Mount Hood

Time to revitalize those resumes

Tips for updating the resume in 2021

Allison Vanderzanden | Lifestyle Editor

Summer time, for some, means summer jobs. Though we aren’t quite to summer break, now is the perfect time to start preparing for job hunting, including updating the resume. The resume is the ticket to an interview, meaning it can make or break one’s chance at getting hired. Follow these tips for creating a resume that will stand out among the rest this year.

Start by choosing a desirable format. According to indeed.com, the two most popular resume formats are chronological, which focuses on consistent employment history, and functional, which focuses on relevant skills. Whichever layout is chosen, be sure to organize the information using clear headers above each section and a readable font.

Some resume tips learned back in high school could be outdated by now. For example, in most cases, it is no longer necessary to include a mailing address since everything is digital nowadays. Objective statements have also gone out of style — after all, employers know what an applicants’ goal is. Additionally, be careful to not overload the resume with too many items; pick and choose relevant work, volunteer and education experiences based on the job.

2021 has been eye opening, including for employers. According to writingguru.net, some common skills jobs will be looking for in 2021 include adaptability, versatility and innovation ⏤ especially in the face of COVID-19. Technological literacy is also increasingly important, as are strong online and in person communication skills.

Keep in mind, however, that each job will value different skill sets. Study the specific job description being applied for, and include relevant keywords and skills on the resume. This is also important in the face of applicant tracking systems, which are pieces of software that automatically filter through resumes based on keywords. Many companies rely on ATS technology to sift through the dozens of applications they receive. Be sure to include some keywords from the job description, but be honest: make sure all included skills are demonstrable when it comes time for an interview.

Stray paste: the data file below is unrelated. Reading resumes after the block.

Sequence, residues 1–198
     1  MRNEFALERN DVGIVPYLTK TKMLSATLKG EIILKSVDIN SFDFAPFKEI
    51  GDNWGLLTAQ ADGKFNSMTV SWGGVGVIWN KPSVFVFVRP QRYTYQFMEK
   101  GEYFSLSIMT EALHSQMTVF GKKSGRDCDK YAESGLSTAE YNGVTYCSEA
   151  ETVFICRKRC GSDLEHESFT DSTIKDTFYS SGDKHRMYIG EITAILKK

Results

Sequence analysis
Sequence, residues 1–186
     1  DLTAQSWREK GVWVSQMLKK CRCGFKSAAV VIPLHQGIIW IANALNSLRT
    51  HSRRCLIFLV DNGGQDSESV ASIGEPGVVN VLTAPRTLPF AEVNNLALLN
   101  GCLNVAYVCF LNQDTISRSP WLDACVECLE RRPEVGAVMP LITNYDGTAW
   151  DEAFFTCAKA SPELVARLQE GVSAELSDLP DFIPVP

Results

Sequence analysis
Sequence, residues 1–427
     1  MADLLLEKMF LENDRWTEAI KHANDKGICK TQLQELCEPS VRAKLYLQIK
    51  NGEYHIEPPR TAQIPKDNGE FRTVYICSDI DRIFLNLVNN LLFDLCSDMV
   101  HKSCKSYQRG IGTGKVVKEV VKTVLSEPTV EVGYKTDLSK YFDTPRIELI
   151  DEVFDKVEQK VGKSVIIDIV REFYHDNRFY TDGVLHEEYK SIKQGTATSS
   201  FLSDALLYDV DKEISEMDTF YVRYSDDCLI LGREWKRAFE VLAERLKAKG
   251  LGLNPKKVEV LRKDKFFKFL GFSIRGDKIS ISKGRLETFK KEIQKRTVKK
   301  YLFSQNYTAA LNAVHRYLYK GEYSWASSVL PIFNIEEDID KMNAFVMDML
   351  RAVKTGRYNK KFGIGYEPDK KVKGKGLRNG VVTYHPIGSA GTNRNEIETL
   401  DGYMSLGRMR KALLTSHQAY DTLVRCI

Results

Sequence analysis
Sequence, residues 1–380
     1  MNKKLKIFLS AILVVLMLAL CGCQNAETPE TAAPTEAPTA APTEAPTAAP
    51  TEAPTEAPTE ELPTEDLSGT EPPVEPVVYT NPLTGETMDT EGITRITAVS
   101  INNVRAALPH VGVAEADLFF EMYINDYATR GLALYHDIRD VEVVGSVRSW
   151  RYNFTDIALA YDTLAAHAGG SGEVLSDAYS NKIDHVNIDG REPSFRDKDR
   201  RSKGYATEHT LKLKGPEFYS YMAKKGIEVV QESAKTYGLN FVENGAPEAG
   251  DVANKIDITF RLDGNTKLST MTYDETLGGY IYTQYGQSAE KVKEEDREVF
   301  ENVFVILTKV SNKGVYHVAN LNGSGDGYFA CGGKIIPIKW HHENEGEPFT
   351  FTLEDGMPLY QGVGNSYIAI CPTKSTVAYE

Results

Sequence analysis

Contact the author at avanderzanden19@mail.wou.edu

Different meal hacks to dish out

Squeeze the day with these flavorful cooking tips

Allison Vanderzanden | Lifestyle Editor

As someone who is still learning to cook, I know that no matter how closely I follow a recipe, some dishes just turn out bland. Experimenting with cooking can be intimidating, but luckily, there are some easy flavor hacks that can instantly level up mealtime. Here are some quick tips and tricks to make meals less boring and more flavorful.

Always strive to use the highest quality ingredients. This means shopping for in season produce, buying locally ⏤ such as from farmers markets ⏤ and using fresh ingredients. Check expiration dates on dried herbs and spices — though they may still be usable near their expiration date, their flavor will be quite diminished.

A little acid goes a long way; according to eatright.org, acid such as that from citrus fruits or vinegar helps elevate the flavor of a dish. Squeeze fresh lemon juice onto a salad or fish dish, add some citrus zest to dessert or make a marinade with some red or white wine vinegar.

To step up the vegetable game, try roasting them. Toss vegetables of choice in some olive oil, then spread them out on a baking sheet. Sprinkle salt, pepper, minced garlic or herbs like thyme and rosemary on top, then cook at 425 ºF until tender. Get creative and toss vegetables in different spices, such as dijon mustard or curry powder.

Looking for more flavor in meats? Try making a homemade marinade or brine. Soaking meat in a delicious, savory sauce infuses the meat with any flavor of choice. Find simple recipes online for sweet, savory or spicy marinades — whatever the mouth desires.